Zumba with Bridget, gyrating out of control, and customizing her playlist to whoever’s in class: Mondays at Noon
Midwood Martial Arts and Family Fitness Center
1302 Avenue H
Brooklyn, New York 11230
718-258-KICK (5425)



More Insane Energy Tips...


Eat more of this:
Oatmeal: In our home, only the dog and I eat oatmeal joyfully, but it stokes us both.
Lentils/chick peas/split peas
Chops: lamb, pork veal. Down to the bone.
Fresh fruit by the bushel
Greek Yogurt with granola (see recipe in blog post: “The Great Consolidator”)
Okay, okay, let’s cop to coffee too..


And less of this:
Kiddie carbs (pretzels, goldfish crackers, saltines)
Grown-up carbs (baguettes, croissants, crêpes...Quel dommage!)





Monday, March 3, 2014

Chick Soup

Trite but true, people do resemble their dogs: redheads go for Irish setters, beefy dudes in Mets jerseys walk bulldogs, and shaggy golden boys fling frisbees to golden retrievers. 
 
Holds true in our home too. Our family dog (okay, MY dog, he loves me best) is a petite shelter poodle of indeterminate pedigree.  Strolling Ocean Parkway at leash’s length, his sculpted tufts of fur feed my delusions of Park Avenue glam and springtime in Paris.

But what if the same parallels could be drawn between people and cooking?  What if you could identify yourself not just with Fido, but phyllo? What recipe would you be? And don’t everyone say lasagna. This is not about your favorite food (but you should at least pick a food you like, so we won’t question your self-esteem.) It’s about taking a hard look in the stainless stock pot lid.  What are your ingredients?  Would others agree with your choice? Try it. Run your pick by friends and family.  Mine’s a cinch: I’m chick soup.  Homemade chicken soup:  transparent, nurturing, restorative—and flexible. If there’s no celery in the crisper, substitute parsley or peas. Chick soup, always bubbling on the back burner, ready to ladle up to any drippy-nosed passerby, beaten down by this brutal winter.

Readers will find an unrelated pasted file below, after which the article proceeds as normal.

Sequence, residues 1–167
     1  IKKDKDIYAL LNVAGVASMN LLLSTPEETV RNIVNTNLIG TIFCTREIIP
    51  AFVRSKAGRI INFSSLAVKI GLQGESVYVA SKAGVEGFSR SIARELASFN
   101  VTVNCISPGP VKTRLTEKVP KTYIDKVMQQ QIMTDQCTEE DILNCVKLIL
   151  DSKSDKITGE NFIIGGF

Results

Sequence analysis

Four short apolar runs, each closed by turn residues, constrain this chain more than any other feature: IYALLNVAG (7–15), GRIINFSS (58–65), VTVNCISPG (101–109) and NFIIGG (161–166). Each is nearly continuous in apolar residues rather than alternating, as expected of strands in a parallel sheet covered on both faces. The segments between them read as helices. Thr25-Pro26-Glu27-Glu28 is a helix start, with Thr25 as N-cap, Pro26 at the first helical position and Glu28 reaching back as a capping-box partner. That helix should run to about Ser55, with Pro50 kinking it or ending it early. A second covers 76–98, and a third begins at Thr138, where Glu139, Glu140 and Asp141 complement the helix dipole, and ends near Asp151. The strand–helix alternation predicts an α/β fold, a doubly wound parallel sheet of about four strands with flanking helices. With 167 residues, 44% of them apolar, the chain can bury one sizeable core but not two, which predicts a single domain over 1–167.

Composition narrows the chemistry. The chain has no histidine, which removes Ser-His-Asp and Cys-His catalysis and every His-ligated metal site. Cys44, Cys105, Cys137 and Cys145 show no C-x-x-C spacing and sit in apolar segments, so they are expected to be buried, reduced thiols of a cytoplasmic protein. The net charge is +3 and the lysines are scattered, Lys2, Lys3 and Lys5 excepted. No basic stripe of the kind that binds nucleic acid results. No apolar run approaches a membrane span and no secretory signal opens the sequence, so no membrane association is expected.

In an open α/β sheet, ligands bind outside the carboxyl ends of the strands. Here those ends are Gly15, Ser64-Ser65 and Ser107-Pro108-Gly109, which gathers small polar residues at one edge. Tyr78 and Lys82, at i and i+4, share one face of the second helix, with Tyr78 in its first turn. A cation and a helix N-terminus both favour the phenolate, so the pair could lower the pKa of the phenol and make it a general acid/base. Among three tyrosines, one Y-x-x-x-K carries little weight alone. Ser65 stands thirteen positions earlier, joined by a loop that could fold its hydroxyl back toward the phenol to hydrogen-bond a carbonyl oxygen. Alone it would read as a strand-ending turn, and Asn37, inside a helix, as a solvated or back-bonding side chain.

Mind you, chick soup is not the recipe I fantasize for myself. Dans ce cas, je suis mousse au chocolat, with soufflé au citron a close second.  Not original. I can’t be the only femme who pictures herself a fluffy French confection de temps en temps. Really though, man or woman, is there any doubt we’d all like to be dessert? The best part of a meal?  Bananas Foster? Apple tart? Passion fruit baked Alaska? The dish you save for last and savor with a silver spoon?  No, you say? You’d rather be the main event? The stick-to-the-ribs protein course?

Go ahead and take a page from my cookbook. Thumb through those stained index cards. Scroll through your Pins.  Who are you, really? Crock Pot Bratwurst? Tempeh tacos with roasted poblano salsa?  Sloppy Joe? Any takers for stuffed cabbage?  Or are you a Peter Pan, stuck in a comfort food from childhood? Mac ‘n’ cheese? Pigs ‘n’ blankets?  Now daydream: who do you want to be, now and then? Dessert or main dish?  A red velvet cupcake? Angel food trifle?  How about a s’more, all chocolatey melty and unevenly toasted?  Or maybe you’re a Maine lobster in pools of melted butter or garlic-crusted rack of lamb. A spinach protein smoothie.  Prime Rib.  Food for thought….